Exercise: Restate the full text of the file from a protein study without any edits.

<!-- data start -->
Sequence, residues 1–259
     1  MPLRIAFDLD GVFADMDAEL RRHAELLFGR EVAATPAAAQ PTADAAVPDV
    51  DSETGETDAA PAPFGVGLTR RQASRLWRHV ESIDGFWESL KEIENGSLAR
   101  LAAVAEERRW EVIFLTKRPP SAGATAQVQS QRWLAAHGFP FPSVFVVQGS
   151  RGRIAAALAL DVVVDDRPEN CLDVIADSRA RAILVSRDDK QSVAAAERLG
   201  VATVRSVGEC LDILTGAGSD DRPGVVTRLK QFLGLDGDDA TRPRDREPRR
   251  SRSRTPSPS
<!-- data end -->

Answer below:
Sequence, residues 1–259
     1  MPLRIAFDLD GVFADMDAEL RRHAELLFGR EVAATPAAAQ PTADAAVPDV
    51  DSETGETDAA PAPFGVGLTR RQASRLWRHV ESIDGFWESL KEIENGSLAR
   101  LAAVAEERRW EVIFLTKRPP SAGATAQVQS QRWLAAHGFP FPSVFVVQGS
   151  RGRIAAALAL DVVVDDRPEN CLDVIADSRA RAILVSRDDK QSVAAAERLG
   201  VATVRSVGEC LDILTGAGSD DRPGVVTRLK QFLGLDGDDA TRPRDREPRR
   251  SRSRTPSPS